There are a lot of ways you can save money in the garden. You can buy small plants, start from seeds or make your own pest spray, but my favorite money-saver is compost. I love composting because it takes materials that might otherwise end up in the trash and turns them into something useful.
Composting is similar to baking in that the right mix of ingredients is needed to produce the desired results. A compost pile needs brown (carbon) and green (nitrogen) materials, water, air and microorganisms to turn leaves, yard waste and kitchen scraps into usable organic matter.
The relationship between the brown and green materials is key to a successful compost pile. The nitrogen producing green materials (kitchen scraps, grass clippings) work with microorganisms to break down the carbon producing browns (dead leaves, straw etc). Ideally you want one layer of green for every three layers of brown. If the ratio of green to brown is off, decomposition slows to a crawl and there’s not enough nitrogen to support the microorganisms necessary to complete the composting process. Basically you end up with undercooked compost that, when added to the soil, can make plants spindly and pale.
So what do you do when you have a yard full of dead leaves you want to compost? If you are short on green materials, get yourself some compost starter. A nitrogen based starter will help activate decomposition. Blood meal, alfalfa pellets and chicken manure are good options. Don’t overdo it; a sprinkling of starter every now and again is all you need. Too much nitrogen and your microbes will start producing ammonia.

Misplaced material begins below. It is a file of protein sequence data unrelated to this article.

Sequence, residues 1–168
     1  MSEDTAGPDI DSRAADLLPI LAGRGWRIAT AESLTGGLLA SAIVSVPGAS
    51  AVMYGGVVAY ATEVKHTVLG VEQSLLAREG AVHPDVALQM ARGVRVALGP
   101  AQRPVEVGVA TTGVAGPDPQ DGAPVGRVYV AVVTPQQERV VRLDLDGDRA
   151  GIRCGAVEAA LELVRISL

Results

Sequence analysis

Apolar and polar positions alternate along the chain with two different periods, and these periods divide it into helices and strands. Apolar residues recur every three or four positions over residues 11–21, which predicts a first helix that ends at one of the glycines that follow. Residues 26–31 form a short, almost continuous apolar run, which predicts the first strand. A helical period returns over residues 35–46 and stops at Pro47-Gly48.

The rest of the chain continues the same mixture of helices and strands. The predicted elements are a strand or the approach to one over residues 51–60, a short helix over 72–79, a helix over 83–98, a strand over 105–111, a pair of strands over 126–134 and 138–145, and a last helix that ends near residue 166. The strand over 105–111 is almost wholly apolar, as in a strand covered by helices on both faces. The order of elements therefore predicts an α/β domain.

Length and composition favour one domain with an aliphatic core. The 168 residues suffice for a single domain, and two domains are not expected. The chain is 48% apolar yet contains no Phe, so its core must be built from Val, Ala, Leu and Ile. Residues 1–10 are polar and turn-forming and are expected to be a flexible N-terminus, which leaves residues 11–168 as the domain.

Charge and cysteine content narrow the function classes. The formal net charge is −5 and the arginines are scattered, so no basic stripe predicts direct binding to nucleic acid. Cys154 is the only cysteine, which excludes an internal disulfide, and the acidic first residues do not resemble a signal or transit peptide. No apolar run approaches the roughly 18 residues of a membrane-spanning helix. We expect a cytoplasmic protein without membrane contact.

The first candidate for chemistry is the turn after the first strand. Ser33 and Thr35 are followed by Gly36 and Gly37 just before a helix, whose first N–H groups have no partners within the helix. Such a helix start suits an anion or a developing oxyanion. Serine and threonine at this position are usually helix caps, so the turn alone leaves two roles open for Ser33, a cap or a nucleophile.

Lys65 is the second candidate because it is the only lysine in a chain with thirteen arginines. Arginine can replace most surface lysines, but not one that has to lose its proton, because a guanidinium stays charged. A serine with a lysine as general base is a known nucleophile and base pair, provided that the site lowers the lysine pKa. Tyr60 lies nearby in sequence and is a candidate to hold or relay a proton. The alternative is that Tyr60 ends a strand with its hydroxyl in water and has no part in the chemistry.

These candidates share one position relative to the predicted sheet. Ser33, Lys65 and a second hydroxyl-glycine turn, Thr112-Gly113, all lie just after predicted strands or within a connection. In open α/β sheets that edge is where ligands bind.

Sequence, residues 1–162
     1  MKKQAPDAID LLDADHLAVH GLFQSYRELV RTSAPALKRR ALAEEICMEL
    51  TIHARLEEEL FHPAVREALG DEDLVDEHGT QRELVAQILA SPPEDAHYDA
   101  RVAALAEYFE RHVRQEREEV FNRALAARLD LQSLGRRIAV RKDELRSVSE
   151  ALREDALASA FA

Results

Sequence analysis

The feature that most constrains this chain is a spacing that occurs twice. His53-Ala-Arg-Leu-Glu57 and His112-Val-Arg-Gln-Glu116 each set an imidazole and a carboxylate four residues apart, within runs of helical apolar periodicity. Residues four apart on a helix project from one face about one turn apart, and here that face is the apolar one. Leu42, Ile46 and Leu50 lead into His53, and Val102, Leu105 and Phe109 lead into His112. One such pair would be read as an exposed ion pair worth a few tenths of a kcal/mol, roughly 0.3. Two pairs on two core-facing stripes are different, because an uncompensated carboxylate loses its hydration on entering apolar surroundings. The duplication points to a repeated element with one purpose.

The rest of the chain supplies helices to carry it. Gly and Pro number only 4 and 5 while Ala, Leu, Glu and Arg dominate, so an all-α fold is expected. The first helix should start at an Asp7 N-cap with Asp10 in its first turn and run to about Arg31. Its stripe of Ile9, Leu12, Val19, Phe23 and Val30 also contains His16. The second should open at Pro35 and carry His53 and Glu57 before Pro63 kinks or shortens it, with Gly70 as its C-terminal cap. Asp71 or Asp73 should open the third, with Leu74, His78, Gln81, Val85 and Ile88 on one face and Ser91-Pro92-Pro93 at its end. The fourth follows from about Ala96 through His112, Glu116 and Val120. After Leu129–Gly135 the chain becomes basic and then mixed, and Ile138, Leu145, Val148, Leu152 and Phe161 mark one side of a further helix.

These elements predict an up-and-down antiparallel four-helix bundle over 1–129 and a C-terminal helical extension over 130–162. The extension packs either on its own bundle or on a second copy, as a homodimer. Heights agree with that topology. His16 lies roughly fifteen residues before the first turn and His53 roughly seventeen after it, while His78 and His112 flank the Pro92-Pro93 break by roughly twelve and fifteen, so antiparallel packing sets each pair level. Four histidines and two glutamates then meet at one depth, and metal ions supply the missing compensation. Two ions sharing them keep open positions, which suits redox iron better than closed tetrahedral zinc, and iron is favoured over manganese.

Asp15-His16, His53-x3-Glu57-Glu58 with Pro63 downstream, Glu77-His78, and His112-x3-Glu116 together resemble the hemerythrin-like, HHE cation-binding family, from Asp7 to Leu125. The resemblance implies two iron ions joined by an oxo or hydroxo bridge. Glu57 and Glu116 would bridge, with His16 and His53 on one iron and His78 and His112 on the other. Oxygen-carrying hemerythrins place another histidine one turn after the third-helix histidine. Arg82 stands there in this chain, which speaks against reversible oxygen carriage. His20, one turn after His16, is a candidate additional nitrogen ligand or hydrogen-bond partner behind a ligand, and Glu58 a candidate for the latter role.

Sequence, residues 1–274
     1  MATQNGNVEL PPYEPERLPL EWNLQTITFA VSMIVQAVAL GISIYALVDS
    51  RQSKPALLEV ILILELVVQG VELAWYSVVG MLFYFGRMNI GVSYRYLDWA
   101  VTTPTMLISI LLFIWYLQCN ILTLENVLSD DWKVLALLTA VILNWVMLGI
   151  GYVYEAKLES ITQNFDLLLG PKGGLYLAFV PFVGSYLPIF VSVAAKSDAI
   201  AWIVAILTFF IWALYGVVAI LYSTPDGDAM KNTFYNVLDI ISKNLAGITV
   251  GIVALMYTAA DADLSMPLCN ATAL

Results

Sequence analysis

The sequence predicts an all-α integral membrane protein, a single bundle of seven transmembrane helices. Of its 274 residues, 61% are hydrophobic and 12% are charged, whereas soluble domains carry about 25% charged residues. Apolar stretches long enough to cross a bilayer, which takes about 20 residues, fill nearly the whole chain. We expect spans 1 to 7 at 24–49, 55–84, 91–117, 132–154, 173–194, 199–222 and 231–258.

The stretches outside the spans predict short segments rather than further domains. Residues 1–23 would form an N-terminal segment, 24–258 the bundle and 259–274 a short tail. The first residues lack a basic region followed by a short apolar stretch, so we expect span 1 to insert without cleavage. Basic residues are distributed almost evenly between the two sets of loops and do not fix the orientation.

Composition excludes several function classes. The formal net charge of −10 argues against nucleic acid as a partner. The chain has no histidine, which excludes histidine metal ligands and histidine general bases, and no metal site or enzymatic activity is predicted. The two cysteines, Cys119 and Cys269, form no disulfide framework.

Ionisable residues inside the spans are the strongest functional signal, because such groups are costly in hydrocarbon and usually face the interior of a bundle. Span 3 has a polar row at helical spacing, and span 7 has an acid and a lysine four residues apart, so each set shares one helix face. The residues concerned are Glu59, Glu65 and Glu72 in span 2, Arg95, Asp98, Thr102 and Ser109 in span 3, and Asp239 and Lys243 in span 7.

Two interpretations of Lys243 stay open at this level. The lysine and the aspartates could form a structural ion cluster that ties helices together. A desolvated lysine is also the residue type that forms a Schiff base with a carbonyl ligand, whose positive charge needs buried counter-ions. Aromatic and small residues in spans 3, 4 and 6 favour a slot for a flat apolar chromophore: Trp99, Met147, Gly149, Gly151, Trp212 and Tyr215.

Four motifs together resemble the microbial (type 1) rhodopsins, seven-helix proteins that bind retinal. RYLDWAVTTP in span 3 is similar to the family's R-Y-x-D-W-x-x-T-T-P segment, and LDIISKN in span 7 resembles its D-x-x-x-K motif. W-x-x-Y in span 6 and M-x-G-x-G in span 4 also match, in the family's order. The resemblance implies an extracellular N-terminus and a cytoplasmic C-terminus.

You can also apply a compost inoculant to speed up the process. These accelerants add beneficial bacteria, microbes and fungi, the microorganisms that do all the work in a compost pile. You can find them at garden centers and home improvement stores. As with the activators, a little goes a long way. Sprinkle some of the product over your leaves and add water to bring the microbes to life.
Good to Know: Jobe’s Compost Starter
One year I used undercooked compost in all my raised beds with disastrous results. Seeds sprouted, but never took off. It was pitiful. Since then I’ve discovered Jobe’s Compost Starter. It’s an inoculant that we use to add the beneficial microorganism archaea to our compost. Archaea isn’t just fast at breaking down organic matter, it’s downright aggressive. Whenever my compost appears to be lagging, I add a little Jobe’s Compost Starter to increase the microbial activity in the pile. I’m done worrying about using undercooked compost in my beds.